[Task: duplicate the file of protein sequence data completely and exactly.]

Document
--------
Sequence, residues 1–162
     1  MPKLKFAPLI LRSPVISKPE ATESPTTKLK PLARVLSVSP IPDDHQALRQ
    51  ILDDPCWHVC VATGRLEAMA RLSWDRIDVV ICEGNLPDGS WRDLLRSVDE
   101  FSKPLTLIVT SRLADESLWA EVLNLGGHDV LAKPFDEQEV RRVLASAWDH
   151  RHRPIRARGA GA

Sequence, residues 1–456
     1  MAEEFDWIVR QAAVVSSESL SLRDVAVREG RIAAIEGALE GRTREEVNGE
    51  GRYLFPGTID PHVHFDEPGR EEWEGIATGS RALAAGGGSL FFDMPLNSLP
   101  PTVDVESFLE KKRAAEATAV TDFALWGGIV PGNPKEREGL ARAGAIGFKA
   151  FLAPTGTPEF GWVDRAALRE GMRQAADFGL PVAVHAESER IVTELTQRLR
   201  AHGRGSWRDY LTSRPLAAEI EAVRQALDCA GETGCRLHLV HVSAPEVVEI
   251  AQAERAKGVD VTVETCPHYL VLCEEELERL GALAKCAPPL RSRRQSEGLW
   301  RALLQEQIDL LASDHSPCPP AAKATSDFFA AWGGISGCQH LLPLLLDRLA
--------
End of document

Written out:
Sequence, residues 1–162
     1  MPKLKFAPLI LRSPVISKPE ATESPTTKLK PLARVLSVSP IPDDHQALRQ
    51  ILDDPCWHVC VATGRLEAMA RLSWDRIDVV ICEGNLPDGS WRDLLRSVDE
   101  FSKPLTLIVT SRLADESLWA EVLNLGGHDV LAKPFDEQEV RRVLASAWDH
   151  RHRPIRARGA GA

Sequence, residues 1–456
     1  MAEEFDWIVR QAAVVSSESL SLRDVAVREG RIAAIEGALE GRTREEVNGE
    51  GRYLFPGTID PHVHFDEPGR EEWEGIATGS RALAAGGGSL FFDMPLNSLP
   101  PTVDVESFLE KKRAAEATAV TDFALWGGIV PGNPKEREGL ARAGAIGFKA
   151  FLAPTGTPEF GWVDRAALRE GMRQAADFGL PVAVHAESER IVTELTQRLR
   201  AHGRGSWRDY LTSRPLAAEI EAVRQALDCA GETGCRLHLV HVSAPEVVEI
   251  AQAERAKGVD VTVETCPHYL VLCEEELERL GALAKCAPPL RSRRQSEGLW
   301  RALLQEQIDL LASDHSPCPP AAKATSDFFA AWGGISGCQH LLPLLLDRLA